Cruise, General Motors’ majority-owned autonomous vehicle unit, announced on Thursday that it has received final approvals to operate a commercial robotaxi service in San Francisco.
After the California DMV approved autonomous vehicle deployments by Cruise and Alphabet’s Waymo, the California Public Utilities Commission granted Cruise its permit.
Cruise, a General Motors-owned autonomous vehicle venture, announced on Thursday that it had received the final permit required to offer its robotaxi service to paying riders in San Francisco.
In a blog post, Cruise claimed that the permit is “the first-ever Driverless Deployment Permit granted by the California Public Utilities Commission,” and that the company will be the first to operate a “commercial, driverless ridehail service in a major US city.”
The company’s cars are fully electric and battery-powered, which could help reduce greenhouse gas emissions that cause climate change.In an April 2021 letter to the CPUC, the company stated that it aims to make California roads safer while also reducing greenhouse gas emissions.
Previously, the California Department of Motor Vehicles approved permits for both Cruise and Alphabet’s Waymo to deploy autonomous vehicles.
Cruise was already providing public nighttime rides in its driverless cars in San Francisco, though passengers had yet to pay a fare.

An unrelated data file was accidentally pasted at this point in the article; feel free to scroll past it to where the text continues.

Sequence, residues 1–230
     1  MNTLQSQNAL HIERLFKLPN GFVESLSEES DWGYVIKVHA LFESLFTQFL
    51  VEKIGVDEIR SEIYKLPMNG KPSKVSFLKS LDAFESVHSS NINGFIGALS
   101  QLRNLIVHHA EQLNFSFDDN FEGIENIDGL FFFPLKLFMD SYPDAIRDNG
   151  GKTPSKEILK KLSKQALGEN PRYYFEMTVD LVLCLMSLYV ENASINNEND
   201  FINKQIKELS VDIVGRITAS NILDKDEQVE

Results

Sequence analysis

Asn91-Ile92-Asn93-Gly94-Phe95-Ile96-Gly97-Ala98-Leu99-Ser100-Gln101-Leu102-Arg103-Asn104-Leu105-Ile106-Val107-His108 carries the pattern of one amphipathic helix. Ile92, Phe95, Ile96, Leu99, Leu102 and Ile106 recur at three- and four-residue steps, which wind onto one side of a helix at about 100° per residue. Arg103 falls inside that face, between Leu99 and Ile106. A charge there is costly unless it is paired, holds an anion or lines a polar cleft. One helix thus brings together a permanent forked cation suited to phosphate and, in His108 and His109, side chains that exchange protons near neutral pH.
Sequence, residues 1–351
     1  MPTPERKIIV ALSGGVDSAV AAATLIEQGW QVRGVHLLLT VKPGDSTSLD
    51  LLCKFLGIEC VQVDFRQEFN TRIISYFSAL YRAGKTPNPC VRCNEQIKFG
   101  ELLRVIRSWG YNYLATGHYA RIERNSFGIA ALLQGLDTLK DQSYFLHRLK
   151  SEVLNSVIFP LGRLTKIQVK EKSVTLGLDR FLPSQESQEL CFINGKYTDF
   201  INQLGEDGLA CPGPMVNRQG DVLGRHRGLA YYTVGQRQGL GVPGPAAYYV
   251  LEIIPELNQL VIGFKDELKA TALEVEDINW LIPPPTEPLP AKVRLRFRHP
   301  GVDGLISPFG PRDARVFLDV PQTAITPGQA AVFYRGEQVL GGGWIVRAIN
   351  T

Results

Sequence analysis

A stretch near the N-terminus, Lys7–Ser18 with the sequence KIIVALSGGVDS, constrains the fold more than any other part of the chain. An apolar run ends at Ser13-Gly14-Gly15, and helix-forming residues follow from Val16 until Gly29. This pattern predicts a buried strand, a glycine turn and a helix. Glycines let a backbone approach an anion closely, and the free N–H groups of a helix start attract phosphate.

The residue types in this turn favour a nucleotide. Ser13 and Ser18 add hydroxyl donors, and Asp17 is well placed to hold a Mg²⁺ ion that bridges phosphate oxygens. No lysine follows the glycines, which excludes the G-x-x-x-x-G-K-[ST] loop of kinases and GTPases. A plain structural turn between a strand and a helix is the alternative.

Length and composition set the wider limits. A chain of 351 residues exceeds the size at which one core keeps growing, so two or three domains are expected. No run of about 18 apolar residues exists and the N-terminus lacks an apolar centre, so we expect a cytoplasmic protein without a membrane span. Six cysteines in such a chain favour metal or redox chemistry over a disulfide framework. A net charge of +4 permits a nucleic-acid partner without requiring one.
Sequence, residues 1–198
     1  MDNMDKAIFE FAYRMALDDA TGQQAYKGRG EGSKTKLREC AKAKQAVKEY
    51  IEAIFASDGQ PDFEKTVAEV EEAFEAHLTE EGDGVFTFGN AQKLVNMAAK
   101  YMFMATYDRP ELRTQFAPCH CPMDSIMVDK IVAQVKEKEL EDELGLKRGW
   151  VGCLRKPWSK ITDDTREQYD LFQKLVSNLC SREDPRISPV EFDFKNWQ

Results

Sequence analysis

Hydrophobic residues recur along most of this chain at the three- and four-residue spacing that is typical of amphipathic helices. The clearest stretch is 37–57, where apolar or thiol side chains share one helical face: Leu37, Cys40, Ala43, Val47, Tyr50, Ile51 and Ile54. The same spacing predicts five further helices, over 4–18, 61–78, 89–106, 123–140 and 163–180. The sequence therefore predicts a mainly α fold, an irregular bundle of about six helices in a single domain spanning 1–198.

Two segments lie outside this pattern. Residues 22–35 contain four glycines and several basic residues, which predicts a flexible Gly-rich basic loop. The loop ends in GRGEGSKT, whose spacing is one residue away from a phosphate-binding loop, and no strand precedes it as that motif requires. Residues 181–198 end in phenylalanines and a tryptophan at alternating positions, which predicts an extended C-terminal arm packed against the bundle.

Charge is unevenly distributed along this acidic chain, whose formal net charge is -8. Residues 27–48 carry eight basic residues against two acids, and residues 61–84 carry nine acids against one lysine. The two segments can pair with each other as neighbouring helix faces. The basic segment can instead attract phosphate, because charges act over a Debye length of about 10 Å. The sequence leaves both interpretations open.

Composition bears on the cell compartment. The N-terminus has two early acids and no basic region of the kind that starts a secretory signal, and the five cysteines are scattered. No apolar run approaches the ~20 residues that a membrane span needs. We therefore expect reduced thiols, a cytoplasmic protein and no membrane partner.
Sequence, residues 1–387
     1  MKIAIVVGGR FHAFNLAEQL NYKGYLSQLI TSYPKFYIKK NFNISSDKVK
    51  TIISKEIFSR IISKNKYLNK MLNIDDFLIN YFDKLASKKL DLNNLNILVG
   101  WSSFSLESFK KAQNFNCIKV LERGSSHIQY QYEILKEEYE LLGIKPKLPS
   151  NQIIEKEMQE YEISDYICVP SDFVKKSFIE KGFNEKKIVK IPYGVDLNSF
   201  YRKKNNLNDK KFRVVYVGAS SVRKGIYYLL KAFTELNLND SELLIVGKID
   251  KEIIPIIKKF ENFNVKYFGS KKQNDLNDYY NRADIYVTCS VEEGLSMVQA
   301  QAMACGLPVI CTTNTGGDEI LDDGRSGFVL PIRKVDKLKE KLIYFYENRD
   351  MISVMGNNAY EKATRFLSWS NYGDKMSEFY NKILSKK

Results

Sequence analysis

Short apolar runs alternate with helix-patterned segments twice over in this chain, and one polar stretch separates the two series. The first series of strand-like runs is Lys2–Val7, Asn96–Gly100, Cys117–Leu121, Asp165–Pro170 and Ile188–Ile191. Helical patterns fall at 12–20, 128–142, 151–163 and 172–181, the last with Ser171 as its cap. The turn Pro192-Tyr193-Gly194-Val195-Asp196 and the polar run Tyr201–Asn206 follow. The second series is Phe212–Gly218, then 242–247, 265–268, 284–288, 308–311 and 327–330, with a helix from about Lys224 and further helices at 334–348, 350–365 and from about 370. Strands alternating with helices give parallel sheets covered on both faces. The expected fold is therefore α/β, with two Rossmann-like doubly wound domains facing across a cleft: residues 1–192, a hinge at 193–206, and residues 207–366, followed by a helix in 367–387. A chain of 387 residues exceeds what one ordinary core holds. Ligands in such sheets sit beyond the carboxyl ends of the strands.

A Cruise driverless vehicle was previously pulled over by police in San Francisco, and a video of the incident went viral.Despite that incident, the California DMV told CNBC that as of late April, the department had yet to issue a traffic ticket to any driverless vehicle operator.
Rodney Brooks, emeritus professor of robotics at the Massachusetts Institute of Technology, recently rode in Cruise driverless taxis and wrote positively about the experience on his blog.
“Cruise has put together an MVP, a ‘Minimal Viable Product,’ the lynchpin of successful tech,” he said in that post.He also stated that he does not believe driverless cars will be widely adopted in the near future.”We have a long way to go yet,” he wrote, “and mass adoption may not be in the form of one-for-one replacement of human driving that has driven this dream for a decade or more.”
In San Francisco, competitors to Cruise are also testing driverless vehicles.
Alphabet’s Waymo has provided free driverless rides to employees or members of a San Francisco testing programme.In Arizona, it has also completed “tens of thousands” of rides without a driver.
Nuro, another driverless startup that focuses on transporting goods rather than passengers, has a deployment permit to operate driverless cars in San Francisco as well.
While Tesla CEO Elon Musk frequently touts the company’s ambitions to deliver “robotaxi-ready” vehicles, Tesla vehicles only feature its Full Self Driving Beta programme, an experimental driver assistance system that requires drivers to keep their hands on the wheel and remain attentive to the road at all times.
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